Melinda Mack’s contributions to her community have not gone unnoticed, both locally and now from afar.
Last Friday, November 25, Mack was honoured in Vancouver by the Ending Violence Association of BC, who presented her with the 2016 “Be More Than A Bystander” Award.
Be More Than a Bystander is a groundbreaking partnership between the BC Lions and EVA BC that sees sports icons from the BC Lions using their status and public profile to create awareness and urge everyone to “Break the Silence on Violence Against Women.”
Founding partners of the Be More Than a Bystander initiative are Status of Women Canada, the BC Ministry of Children and Family Development and Encana Corporation.
Community members will certainly remember Mack’s powerhouse fundraising efforts. She has worked tirelessly to manage bingos, auctions, and more to deliver on her goals of bringing in relevant speakers and celebrity guests.
When asked what motivates her to do this work in the community, Mack said she is continuously motivated by her personal experiences and the reward of moving forward.
“Through personal experience I have come to a place where I wanted to see change and get the message out there. We are moving forward baby steps at a time,” she explained. “I feel we need to do more education in our schools, talk about it more, we need to get to the core and start with our men, our men need to feel valued, need to feel they belong, the justice system is not the answer, we need to find a solution that works for all.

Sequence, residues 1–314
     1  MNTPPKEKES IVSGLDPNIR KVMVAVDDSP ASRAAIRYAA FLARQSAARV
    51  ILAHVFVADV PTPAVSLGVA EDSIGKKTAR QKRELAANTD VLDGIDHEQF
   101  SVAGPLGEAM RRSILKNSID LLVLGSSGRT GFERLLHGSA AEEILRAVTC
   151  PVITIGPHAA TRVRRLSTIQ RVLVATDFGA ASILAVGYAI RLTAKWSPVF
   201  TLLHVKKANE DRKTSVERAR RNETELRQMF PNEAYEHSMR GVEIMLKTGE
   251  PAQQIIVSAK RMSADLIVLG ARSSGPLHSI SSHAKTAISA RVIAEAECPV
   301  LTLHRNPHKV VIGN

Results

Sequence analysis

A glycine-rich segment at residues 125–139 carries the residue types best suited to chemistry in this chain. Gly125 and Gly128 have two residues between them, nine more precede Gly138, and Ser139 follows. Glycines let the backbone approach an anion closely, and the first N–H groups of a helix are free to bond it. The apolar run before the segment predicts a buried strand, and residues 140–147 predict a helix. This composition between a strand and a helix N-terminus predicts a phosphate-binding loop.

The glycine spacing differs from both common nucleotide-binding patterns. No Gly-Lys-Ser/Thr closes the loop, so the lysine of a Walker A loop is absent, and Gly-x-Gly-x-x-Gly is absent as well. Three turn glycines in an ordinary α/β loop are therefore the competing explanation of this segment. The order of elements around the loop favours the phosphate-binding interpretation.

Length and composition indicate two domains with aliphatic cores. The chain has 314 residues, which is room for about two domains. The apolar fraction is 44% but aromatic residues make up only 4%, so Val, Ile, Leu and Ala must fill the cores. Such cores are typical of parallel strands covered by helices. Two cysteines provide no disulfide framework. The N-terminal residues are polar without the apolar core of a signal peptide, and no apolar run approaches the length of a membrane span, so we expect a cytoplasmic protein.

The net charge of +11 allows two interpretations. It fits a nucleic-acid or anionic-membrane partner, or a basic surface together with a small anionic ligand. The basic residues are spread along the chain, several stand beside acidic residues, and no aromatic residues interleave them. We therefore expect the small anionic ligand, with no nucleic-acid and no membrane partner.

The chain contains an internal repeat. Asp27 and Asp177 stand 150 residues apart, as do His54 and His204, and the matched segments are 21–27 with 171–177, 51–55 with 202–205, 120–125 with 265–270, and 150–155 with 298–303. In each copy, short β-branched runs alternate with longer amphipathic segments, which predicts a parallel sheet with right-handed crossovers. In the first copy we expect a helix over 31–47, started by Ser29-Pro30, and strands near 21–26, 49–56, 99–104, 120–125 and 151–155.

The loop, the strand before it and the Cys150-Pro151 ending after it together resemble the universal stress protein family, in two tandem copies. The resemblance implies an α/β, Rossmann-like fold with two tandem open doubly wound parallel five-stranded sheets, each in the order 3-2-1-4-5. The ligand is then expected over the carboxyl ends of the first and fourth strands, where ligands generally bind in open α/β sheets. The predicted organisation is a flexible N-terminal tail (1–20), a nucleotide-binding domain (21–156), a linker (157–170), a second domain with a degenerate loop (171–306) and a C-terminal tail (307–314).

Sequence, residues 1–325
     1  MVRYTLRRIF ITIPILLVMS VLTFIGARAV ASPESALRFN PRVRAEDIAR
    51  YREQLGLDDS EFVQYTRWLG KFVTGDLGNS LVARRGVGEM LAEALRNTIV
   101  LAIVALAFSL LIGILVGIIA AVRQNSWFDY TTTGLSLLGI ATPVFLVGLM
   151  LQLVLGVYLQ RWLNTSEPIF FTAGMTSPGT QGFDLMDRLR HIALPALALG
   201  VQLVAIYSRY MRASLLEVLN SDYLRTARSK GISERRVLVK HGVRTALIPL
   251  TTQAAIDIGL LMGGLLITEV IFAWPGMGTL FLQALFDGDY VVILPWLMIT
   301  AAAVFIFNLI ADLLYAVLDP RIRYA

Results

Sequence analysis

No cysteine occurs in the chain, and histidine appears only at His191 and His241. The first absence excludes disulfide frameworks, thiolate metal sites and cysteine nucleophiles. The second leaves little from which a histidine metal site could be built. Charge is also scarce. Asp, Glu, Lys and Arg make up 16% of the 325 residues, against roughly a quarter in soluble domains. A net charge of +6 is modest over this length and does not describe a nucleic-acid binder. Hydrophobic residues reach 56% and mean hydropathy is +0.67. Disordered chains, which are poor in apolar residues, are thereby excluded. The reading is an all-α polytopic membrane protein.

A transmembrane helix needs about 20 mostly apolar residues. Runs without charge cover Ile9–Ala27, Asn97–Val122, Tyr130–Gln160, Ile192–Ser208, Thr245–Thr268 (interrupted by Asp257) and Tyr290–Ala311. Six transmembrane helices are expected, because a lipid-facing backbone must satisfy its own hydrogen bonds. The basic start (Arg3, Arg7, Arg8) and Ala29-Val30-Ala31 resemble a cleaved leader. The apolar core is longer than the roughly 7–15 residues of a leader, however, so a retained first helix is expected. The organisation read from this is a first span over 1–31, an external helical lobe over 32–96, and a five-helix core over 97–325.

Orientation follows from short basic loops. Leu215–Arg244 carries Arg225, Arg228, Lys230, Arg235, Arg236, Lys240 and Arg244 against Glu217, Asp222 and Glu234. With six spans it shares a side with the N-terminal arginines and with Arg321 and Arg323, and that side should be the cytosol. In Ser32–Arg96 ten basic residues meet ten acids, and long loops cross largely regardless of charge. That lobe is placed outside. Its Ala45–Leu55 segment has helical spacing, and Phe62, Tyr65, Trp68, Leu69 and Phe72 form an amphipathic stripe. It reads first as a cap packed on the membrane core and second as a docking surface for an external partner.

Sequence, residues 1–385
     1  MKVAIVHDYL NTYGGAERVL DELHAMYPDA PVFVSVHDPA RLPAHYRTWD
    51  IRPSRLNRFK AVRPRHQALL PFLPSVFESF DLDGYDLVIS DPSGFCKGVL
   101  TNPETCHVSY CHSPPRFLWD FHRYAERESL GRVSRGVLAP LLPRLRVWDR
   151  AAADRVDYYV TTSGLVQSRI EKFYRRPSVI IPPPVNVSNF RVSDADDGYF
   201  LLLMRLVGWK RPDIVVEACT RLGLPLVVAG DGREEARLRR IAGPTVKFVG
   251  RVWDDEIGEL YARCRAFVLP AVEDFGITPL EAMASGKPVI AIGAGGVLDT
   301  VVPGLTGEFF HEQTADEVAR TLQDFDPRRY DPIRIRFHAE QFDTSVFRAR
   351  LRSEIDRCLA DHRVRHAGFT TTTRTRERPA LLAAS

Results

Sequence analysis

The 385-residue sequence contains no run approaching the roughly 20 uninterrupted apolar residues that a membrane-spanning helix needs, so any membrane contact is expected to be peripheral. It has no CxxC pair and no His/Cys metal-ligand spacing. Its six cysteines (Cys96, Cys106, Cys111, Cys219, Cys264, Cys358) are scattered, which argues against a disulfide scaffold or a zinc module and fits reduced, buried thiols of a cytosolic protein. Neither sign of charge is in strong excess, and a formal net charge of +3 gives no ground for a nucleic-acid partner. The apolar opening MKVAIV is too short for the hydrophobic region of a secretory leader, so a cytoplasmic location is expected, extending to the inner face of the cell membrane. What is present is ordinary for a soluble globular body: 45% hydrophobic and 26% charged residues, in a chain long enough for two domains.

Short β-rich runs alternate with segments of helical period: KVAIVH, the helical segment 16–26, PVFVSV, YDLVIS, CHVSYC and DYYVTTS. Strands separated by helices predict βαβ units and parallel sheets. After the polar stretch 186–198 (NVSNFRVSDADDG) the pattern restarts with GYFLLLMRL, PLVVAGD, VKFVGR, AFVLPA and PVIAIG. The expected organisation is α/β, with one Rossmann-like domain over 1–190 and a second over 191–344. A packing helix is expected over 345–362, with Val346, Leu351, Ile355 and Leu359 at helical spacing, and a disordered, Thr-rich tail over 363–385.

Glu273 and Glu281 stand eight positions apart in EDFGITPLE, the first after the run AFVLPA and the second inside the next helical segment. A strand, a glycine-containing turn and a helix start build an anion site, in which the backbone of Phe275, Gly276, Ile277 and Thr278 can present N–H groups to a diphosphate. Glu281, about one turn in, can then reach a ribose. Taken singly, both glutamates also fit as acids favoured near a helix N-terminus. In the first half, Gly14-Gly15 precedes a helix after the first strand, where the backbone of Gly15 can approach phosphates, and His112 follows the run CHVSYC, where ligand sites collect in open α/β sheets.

“We need to all work together to make a difference, and we need to keep sending the message.”
Mack has volunteered dozens of hours locally to raise awareness about violence against women, sexual abuse, and domestic and family abuse. She has partnered with the association directly and has branched out on her own.
She has organized several conferences and special events, most notably “Dancing in the Light,” which brought in well-known speakers such as Susan Aglukark and Theo Fleury to speak about their experiences with sexual abuse.
She said her most memorable moment was her success in bringing Aglukark to Bella Coola, which was a challenge that she overcame.
“The most memorable event was in 2009 when Susan Algukark joined us for the first Dancing in the Light,” she recalled. “I was doubted that I could get her to Bella Coola. The topic alone left me so afraid that no one would attend; this was a start.
“Abuse affects all walks of life not just aboriginal, and sexual abuse is a big issue. Victims are reluctant to go forward, and we need to find a different solution that works better for the victim and offender. It is yet a cycle to be broken.”
She has worked closely with several BC Lions such as JR LaRose, Rolly Lumbala, and Will Loftus as well as performers such as Inez Jasper and Shane Yellowbird in an effort to reach the youth of the community with important messages about stopping violence against women and youth empowerment.
LaRose, who has now become a friend, was on hand to help present her award last week.
“Don’t let her size fool you,” LaRose told the crowd as Mack made her way to the podium. “She may be small but she is fierce.”
Since its inception, the Be More Than A Bystander program has continuously gained momentum and broadened its audience. Now in its fifth year, the publicity reach of this program is conservatively estimated to be in excess of 357 million impressions.
It has won several awards, been highlighted in a global session at the United Nations in New York, and been directly responsible for a number of spin-off campaigns across Canada that include the Winnipeg